These are very common and not surprising symptoms, considering that the band works by causing a constriction ring around the upper stomach. Band patients are accustomed to a degree of dysphagia and occasional vomiting, so for them to present for medical attention implies that it is ‘worse than usual’. These symptoms indicate a degree of obstruction at the level of the band and there are three main causes.
Band Too Tight: Has the patient had an adjustment recently? Perhaps they have a food bolus obstruction. Once the patient begins to vomit the gastric wall becomes oedematous within the confines of the band and the apparent obstruction becomes worse. The treatment is urgent band decompression using the subcutaneous injection port (see Box 19.1 and Fig. 19.10). Once the patient can drink freely they can be discharged, with arrangement for follow-up by their bariatric specialist team.
Box 19.1 Urgent percutaneous band decompression
The subcutaneous injection port should be palpable beneath the skin on the abdominal wall, usually close to one of the longer laparoscopic scars. Some surgeons place it over the lower sternum. The patient usually knows where it is. Using a strict aseptic technique, the port is steadied between the fingers of one hand while the other holds an empty 10-mL syringe with needle attached. Ideally a non-coring ‘Huber’ or spinal needle is used so as not to damage the port, but in an emergency a conventional 23-gauge hypodermic needle works well (although it may not be long enough). Entering at right angles to the skin, the rubber diaphragm of the port is punctured. The needle hits the metal base-plate with a ‘clunk’ and aspiration can begin. The reservoir is aspirated to dryness; it may contain up to 14 mL. The needle is simply withdrawn when finished and a small dressing applied.
FIGURE 19.10 Diagram of needle access to the subcutaneous injection port. Strict aseptic technique is important and a non-coring Huber needle should be used.
Acute Band ‘Slippage’: This is the term commonly used to describe what is really a process of gastric prolapse upwards through the band. It typically occurs months or years after the original operation and is possibly more common when no gastro-gastric tunnelling sutures are used to secure the band in place. The patient usually presents with vomiting, often in association with being able to eat a sizeable meal, as the food accumulates in the large gastric pouch above the band before eventually being regurgitated. Urgent decompression often provides relief but if not, then an urgent contrast swallow should be ordered. Slippage is often evident on a plain abdominal or chest radiograph, with the band lying at an unusual angle (see Fig. 19.11), although a contrast swallow provides more conclusive information. The most serious complication of band slippage is ischaemic necrosis of the prolapsed fundus, secondary to distension and/or occlusion of the blood supply to the proximal stomach as it passes through the band. Failure of the symptoms to resolve with percutaneous band decompression is an indication for urgent surgical intervention.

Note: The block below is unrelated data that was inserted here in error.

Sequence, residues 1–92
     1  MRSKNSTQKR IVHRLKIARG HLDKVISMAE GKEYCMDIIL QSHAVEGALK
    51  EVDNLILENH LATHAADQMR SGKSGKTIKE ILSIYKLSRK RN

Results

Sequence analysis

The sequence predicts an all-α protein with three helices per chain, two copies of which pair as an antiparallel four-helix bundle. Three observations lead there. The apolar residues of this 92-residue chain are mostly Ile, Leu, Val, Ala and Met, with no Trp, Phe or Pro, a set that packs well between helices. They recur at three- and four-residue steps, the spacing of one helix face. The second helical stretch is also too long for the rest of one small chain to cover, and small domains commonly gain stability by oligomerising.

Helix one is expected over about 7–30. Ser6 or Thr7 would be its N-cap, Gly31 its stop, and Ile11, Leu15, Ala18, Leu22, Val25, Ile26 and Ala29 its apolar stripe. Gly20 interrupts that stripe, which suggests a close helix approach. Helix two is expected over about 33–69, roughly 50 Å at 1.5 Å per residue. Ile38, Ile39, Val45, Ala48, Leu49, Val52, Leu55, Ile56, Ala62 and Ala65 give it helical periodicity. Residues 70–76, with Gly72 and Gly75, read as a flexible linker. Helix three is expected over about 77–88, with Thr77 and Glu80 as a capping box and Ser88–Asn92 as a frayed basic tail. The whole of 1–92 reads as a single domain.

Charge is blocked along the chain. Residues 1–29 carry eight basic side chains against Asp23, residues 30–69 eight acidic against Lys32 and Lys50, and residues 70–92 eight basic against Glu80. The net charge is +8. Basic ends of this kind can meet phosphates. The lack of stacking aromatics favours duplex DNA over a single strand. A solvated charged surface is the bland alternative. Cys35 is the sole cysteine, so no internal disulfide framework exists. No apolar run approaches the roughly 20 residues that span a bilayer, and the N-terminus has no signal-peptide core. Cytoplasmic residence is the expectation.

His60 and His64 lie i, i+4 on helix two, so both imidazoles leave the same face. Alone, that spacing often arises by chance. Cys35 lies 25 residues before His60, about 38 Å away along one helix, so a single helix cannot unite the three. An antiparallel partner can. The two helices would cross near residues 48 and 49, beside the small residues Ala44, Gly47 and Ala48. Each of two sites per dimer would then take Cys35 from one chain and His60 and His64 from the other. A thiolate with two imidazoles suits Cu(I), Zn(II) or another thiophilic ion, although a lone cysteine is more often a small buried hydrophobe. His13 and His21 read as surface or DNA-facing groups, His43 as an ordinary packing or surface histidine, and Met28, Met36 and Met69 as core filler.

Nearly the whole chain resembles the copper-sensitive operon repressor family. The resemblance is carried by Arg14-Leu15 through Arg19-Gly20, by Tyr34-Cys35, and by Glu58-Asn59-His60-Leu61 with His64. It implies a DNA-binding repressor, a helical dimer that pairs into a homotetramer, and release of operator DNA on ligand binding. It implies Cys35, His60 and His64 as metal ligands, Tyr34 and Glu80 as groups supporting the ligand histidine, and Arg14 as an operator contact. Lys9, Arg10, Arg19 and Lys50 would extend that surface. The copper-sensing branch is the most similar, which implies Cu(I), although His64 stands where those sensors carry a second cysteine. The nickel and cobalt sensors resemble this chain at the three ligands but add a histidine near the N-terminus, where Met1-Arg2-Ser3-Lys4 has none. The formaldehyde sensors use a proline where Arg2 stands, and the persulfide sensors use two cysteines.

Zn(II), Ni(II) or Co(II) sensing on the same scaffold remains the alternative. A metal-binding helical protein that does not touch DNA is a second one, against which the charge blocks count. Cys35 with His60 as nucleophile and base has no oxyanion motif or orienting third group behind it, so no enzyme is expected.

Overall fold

FIGURE 19.11 Abdominal X-ray of an acute band slip. The band lies 90° out of alignment (compare with Fig. 19.1).
The operation to remove the band is generally by laparoscopy. The tight band must be released. Unclipping it may be difficult, especially laparoscopically, but if possible – and if the stomach is viable – then it may be left in situ for an experienced bariatric surgeon to re-position at a later date. An alternative to unclipping the band is simply to cut it in half, after which it should be removed. Once local adhesions have been divided the band should just slide out. If there is gastric necrosis then laparotomy and some form of gastrectomy will be required along with complete removal of the band, tubing and injection port.
Band Erosion: This is not usually an acute problem but presentation may be precipitated by an aggravation of dysphagia with or without pain and sepsis. Symptoms will not improve after percutaneous band decompression. An urgent contrast swallow may also demonstrate band erosion with leakage of contrast around the band (see Fig. 19.12) but the most definitive test for erosion is gastroscopy, where a portion of the white silicone band will be visible from within the lumen.
FIGURE 19.12 Barium swallow demonstrating band erosion. Note the barium leaking out around the band (arrow). Compare with Fig. 19.1.
This is uncommon in band patients (as a result of the band) and so should alert the clinician to a serious problem such as visceral distension from acute slippage (see above), inflammation related to band erosion (see above), peritonitis from gastric necrosis with or without perforation or postoperative haematoma. If the symptoms are of recent onset (hours) and pain is a prominent feature, necrosis and/or perforation should be suspected and urgent imaging is required, followed by laparoscopy with or without laparotomy if necessary. Peritonitis is an unlikely consequence of band erosion but may occur with gastric necrosis (acute band slippage) or perhaps foreign body perforation of the gastric pouch.
This is a common reason for anyone to present to the hospital emergency department and cardiac causes need to be excluded. In patients with a gastric band, the possibility of band slippage, erosion and reflux oesophagitis (secondary to a tight band) needs to be considered.